Monday thru Friday at
See why so many consider the
Daily CATHOLIC as the
"USA Today for CATHOLICS!"
November 10, 1999
SECTION TWO vol 10, no. 213
To print out entire text of Today's issue, print this section as well as SECTION THREE and SECTION ONE
Italy's retired Cardinal Giuseppe Maria Sensi will celebrate the 70th anniversary of his ordination to the priesthood next month
Our one-hundred-twenty-first red-hat we feature, in alphabetical order is the 92 year-old Cardinal Giuseppe Maria Sensi, retired Nuncio prelate who has lived under seven different Popes during this century. Since 1987 he has been totally retired in Rome. He received his red-hat and elevation to the cardinalate from Pope Paul VI in the Consistory of May 24, 1976. For more on Cardinal Giuseppe Maria Sensi, click on COLLEGE OF CARDINALS COLLECTION
121. Cardinal Giuseppe Maria Sensi
Retired since 1987, Cardinal Giuseppe Maria Sensi is one of the oldest living cardinals, presently over 92 who will celebrate on December 21st his seventieth anniversary as a priest. He was born into an influential and devout Catholic family on May 27, 1907 at Consenza in Italy. His parents provided him the tools to be an exceptional servant of the Church, providing an excellent education for him and paving the way for young Giuseppe to study in Rome where he earned degrees in both Theology and Canon Law from the Lateran. He was ordained a priest on December 21, 1929 at only 22.
Besides various early pastoral assignments, he returned to school at the Pontifical Ecclesiastical Accademy. In 1934 Pope Pius XI appointed him Secretary to the Nunciature of Bucharest in Hungary. It was a trying time with the emergence of World War II where he worked in Switzerland and Czechoslovakia. He was transferred to Brussels shortly after the war. In 1947 Pope Pius XII sent him to Prague and eight years later on May 21, 1955 named him titular Archbishop of Sardi while at the same time making him Apostolic Nuncio to Costa Rica. A year later the Holy Father appointed him Apostolic Delegate to Jerusalem until 1962 when Pope John XXIII transferred him to Ireland as Nuncio there. In 1967 Pope Paul VI made him Nuncio to Portugal where he remained until 1976. It was in that year that Paul VI named him a cardinal deacon in the Consistory of May 24, 1976. He was transferred to the order of cardinal priest on June 22, 1987 with the titular church of Queen of the Apostles. He will celebrate his seventieth year as a priest next month at Piazza San Calisto, 16 00153 in Rome where he remains close to the Holy See but inactive in his late autumn years.
Appreciating of the Existence of Purgatory
Today we continue with our new series in the search to uncover the wonderful treasures of the Church contained in the great Deposit of Faith. We look again today at that merciful gift from God - Purgatory - where we are able to be cleansed before looking upon the Beatific Vision forever. There have been many misconceptions about this intermediate "stopping off point" between earth and Heaven and we hope to convey what the Church teaches about Purgatory over the next several installments. For the forty-eighth installment, click on APPRECIATING THE PRECIOUS GIFT OF OUR FAITH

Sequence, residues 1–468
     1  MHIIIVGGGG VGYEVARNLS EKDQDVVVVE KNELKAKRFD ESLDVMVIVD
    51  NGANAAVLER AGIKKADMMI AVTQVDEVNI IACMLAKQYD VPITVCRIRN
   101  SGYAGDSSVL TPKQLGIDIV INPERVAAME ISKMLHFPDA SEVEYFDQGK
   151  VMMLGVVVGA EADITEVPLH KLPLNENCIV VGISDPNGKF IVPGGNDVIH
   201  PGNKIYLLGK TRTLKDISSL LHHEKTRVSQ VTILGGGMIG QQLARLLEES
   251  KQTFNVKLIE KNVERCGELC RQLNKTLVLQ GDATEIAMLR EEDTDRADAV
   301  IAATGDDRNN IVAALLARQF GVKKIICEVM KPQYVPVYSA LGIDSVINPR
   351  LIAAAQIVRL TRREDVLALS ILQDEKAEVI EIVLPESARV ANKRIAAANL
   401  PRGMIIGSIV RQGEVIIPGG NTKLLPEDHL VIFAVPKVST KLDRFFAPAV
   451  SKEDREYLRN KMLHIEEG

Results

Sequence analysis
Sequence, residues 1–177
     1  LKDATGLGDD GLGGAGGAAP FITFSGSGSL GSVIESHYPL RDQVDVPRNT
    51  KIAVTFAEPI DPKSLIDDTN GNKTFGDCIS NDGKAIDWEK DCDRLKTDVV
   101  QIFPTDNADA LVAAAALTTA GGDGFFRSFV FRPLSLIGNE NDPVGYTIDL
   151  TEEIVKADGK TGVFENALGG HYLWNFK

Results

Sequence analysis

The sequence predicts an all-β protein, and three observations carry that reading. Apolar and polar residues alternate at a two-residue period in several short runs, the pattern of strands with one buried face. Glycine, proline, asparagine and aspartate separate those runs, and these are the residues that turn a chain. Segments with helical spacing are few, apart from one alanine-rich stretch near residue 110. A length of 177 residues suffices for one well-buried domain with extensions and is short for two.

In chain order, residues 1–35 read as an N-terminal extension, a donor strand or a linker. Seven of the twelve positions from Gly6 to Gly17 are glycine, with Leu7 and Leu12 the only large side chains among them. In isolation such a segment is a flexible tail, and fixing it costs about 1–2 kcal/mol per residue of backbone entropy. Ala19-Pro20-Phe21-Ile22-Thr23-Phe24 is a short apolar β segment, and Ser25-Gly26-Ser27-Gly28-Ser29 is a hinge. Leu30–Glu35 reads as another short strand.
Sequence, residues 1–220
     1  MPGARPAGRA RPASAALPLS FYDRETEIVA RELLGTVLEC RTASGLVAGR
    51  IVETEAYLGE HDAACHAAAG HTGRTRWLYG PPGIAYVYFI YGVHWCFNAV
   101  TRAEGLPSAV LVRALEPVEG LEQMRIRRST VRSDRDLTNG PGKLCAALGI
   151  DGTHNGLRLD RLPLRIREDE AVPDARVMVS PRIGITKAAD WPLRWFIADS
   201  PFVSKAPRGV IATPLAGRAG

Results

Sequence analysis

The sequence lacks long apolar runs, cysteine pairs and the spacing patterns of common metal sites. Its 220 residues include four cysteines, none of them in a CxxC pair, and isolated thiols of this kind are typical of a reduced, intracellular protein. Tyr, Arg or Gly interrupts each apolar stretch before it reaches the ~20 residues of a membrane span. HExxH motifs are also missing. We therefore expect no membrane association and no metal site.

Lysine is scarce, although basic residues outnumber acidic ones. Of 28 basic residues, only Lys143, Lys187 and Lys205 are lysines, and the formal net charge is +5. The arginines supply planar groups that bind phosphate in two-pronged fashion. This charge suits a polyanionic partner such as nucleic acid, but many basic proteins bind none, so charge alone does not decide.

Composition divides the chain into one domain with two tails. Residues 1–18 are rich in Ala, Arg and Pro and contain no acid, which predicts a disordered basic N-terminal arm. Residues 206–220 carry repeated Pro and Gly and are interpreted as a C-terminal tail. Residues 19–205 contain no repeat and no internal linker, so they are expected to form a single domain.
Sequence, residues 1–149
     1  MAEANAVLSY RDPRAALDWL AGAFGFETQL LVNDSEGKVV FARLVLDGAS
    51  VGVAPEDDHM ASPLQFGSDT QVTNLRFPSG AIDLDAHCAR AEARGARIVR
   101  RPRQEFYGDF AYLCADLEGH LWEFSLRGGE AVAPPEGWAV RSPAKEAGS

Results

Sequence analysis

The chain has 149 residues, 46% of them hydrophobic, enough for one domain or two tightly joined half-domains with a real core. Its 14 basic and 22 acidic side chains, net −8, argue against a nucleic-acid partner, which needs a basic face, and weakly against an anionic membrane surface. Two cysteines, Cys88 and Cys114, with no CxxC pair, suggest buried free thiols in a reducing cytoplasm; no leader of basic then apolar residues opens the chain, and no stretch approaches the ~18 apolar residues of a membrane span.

THE EXISTENCE OF PURGATORY
The doctrine of Purgatory is eminently consoling to the human heart. It consoles us when our loved ones die. Purgatory is a bond of union making us realize that death is not an eternal separation for the just, but only a loss of their bodily presence.
Purgatory gives us an assurance that we are still in touch with our beloved dead. We are consoled by the knowledge that we can still help them with prayer, as in life we so helped them.
The doctrine of the existence of Purgatory is not only reasonable, but its negation is eminently contrary to reason; it is taught in Holy Scripture, and has been taught by the Church from the very beginning.
The doctrine of a middle state of purgation is taught in the Old Testament, and was firmly believed in by the Hebrews. After a battle, Judas Machabeus ordered prayers and sacrifices offered up for his slain comrades. "And making a gathering, he sent twelve drachms of silver to Jerusalem for sacrifice to be offered for the sins of the dead, thinking well and religiously concerning the resurrection. For, if he had not hoped that they that were slain should rise again, it would have seemed superfluous and vain to pray for the dead. And because he considered that they who had fallen asleep with godliness had great grace laid for them It is therefore a holy and wholesome thought to pray for the dead, that they may be loosed from sins" (2 Maccabees 12: 43-46).
When Our Lord came on earth, He purified the Jewish Church of all those human changes that with the years had crept into its usages and beliefs. But He never reproved anyone for belief in a middle state of purgation, or prayers for the dead. On the contrary, Christ more than once implied the existence of purgatory. He said: "And whoever speaks a word against the Son of Man, it shall be forgiven him; but whoever speaks against the Holy Spirit, it will not be forgiven him, either in this world, or in the world to come" (Matthew 12:32). When Our Lord said that a sin will not be forgiven in the next life, He left us to conclude that some sins will be thus forgiven. But in the next life, sins cannot be forgiven in Heaven: "There shall not enter into it anything defiled" (Apocalypse/Revelation 21:27). Neither can sins be forgiven in hell, for out of hell there is no redemption. They must therefore be forgiven in a middle state, Purgatory.